Data mining in education has many benefits such as personalized and adaptive learning, the ability to analyze assessments and track student success are some ways in which we see data analytics are being used. The four main categories of benefits seen from data mining educational datasets are:
- Anticipating how students will behave and what motivates them to learn
- Developing and improving content delivery and adapting delivery to the learner
- Improving learner supports
- Researching ways in which students use educational technology
Even with these benefits, there are people who fear data mining will lead to a more nefarious use of the data, which raises the ethical issues around big data in educational technology.
First, let’s look at which data is being tracked by institutions or educational technology. A myriad of data is being stored from each learner including demographics, the registration process [payment, enrollment, etc.] and course work [tests, assignments, research, papers, everything]. In many cases, data is being stored and labelled.
With cheap storage being ubiquitous we are now keeping everything… forever. There is virtually no limitations on physical space, storage space or cost. Therefore, all colleges and universities should have a policy classifying data, how it will be stored and for how long. This data should not be kept indefinitely or be identifiable. For example, there has been several major universities that have been hacked with names, social insurance numbers, dates of birth and more being taken. Sometimes in excess of 300,000 learner records.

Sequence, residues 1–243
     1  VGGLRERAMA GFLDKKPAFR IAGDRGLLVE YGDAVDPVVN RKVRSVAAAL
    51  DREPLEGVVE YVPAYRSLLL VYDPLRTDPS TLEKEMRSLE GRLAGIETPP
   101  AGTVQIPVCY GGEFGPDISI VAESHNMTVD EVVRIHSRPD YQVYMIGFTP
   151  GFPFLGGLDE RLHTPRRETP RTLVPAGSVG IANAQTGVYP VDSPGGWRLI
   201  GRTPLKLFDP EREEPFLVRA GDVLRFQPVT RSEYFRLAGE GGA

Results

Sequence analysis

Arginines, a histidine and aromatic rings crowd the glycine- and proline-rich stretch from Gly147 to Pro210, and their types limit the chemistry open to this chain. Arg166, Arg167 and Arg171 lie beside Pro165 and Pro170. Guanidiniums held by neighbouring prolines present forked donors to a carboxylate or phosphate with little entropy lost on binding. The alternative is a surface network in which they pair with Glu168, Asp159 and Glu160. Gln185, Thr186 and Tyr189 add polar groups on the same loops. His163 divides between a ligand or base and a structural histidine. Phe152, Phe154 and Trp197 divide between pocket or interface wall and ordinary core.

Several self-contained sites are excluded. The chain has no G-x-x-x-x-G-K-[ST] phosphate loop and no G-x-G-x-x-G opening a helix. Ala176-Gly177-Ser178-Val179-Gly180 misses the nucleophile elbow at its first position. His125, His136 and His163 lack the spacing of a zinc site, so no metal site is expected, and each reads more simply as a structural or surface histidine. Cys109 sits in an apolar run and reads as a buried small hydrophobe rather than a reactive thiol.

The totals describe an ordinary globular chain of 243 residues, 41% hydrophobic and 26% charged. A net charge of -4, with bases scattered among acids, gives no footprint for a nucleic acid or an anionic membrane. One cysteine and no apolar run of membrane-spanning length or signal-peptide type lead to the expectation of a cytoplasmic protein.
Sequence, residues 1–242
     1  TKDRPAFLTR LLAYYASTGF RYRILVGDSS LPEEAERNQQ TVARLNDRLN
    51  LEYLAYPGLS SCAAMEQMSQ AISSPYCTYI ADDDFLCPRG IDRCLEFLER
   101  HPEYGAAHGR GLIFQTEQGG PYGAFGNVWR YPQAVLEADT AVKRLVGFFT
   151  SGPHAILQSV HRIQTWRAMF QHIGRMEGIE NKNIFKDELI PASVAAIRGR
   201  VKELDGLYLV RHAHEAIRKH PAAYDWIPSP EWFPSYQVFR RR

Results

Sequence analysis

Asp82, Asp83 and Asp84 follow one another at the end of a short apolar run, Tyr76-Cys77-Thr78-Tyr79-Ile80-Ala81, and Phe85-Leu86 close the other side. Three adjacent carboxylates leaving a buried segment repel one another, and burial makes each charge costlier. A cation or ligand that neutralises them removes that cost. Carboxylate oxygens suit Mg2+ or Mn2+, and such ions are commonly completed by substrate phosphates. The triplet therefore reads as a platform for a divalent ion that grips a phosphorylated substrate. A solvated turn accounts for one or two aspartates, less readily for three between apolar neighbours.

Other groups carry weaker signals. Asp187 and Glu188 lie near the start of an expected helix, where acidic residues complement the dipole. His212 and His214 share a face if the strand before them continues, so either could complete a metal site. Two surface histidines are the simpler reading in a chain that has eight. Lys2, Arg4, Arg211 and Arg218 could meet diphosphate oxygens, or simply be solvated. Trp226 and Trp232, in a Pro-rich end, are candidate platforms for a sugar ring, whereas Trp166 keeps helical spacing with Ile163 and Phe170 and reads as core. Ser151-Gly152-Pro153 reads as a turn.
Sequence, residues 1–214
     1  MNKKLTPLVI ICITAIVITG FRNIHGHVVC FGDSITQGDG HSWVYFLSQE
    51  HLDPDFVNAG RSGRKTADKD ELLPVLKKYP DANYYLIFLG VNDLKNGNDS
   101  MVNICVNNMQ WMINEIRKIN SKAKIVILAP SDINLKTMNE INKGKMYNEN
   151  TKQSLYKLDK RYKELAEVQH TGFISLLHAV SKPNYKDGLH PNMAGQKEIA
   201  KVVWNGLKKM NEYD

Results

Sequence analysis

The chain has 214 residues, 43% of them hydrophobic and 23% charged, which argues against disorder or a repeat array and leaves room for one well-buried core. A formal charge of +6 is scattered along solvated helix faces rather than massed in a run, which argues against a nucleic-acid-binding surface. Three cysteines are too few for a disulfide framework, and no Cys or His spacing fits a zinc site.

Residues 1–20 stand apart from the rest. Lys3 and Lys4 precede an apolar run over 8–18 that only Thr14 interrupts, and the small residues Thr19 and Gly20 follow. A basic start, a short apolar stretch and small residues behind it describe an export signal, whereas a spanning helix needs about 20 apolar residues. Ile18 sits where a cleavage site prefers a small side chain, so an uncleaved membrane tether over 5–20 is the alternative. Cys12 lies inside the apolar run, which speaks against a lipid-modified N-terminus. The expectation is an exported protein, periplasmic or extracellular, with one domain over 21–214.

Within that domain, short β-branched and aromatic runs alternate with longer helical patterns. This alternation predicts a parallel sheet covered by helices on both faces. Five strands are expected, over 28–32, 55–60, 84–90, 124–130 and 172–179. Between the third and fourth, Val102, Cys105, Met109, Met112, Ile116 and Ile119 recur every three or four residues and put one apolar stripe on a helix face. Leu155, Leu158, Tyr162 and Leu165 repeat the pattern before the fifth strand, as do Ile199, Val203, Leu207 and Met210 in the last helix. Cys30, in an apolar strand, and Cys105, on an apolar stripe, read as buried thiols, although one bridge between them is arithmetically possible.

Data collected from the actual learning technology should be de-identified with demographics protected for long term storage. This keeps the data informative and open but protects the student’s right to privacy. In this way, researchers can still analyze the data and receive all the benefits of data mining.
As data mining continues to be utilized in edtech, educational ventures will need to ensure the data collected is safe with a solid plan for storage, security and end-of-life cycles defined in order to protect their learners and stakeholders.